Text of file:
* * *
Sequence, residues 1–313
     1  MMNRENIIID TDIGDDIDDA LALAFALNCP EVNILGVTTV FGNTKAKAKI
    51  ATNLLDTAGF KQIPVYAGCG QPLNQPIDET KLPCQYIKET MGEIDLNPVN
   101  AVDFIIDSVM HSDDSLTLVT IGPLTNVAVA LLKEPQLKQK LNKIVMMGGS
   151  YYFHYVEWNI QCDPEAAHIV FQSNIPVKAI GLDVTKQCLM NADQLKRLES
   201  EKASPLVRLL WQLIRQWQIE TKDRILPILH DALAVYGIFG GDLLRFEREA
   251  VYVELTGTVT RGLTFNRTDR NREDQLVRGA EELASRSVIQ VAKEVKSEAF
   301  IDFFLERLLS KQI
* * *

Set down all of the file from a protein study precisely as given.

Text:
Sequence, residues 1–313
     1  MMNRENIIID TDIGDDIDDA LALAFALNCP EVNILGVTTV FGNTKAKAKI
    51  ATNLLDTAGF KQIPVYAGCG QPLNQPIDET KLPCQYIKET MGEIDLNPVN
   101  AVDFIIDSVM HSDDSLTLVT IGPLTNVAVA LLKEPQLKQK LNKIVMMGGS
   151  YYFHYVEWNI QCDPEAAHIV FQSNIPVKAI GLDVTKQCLM NADQLKRLES
   201  EKASPLVRLL WQLIRQWQIE TKDRILPILH DALAVYGIFG GDLLRFEREA
   251  VYVELTGTVT RGLTFNRTDR NREDQLVRGA EELASRSVIQ VAKEVKSEAF
   301  IDFFLERLLS KQI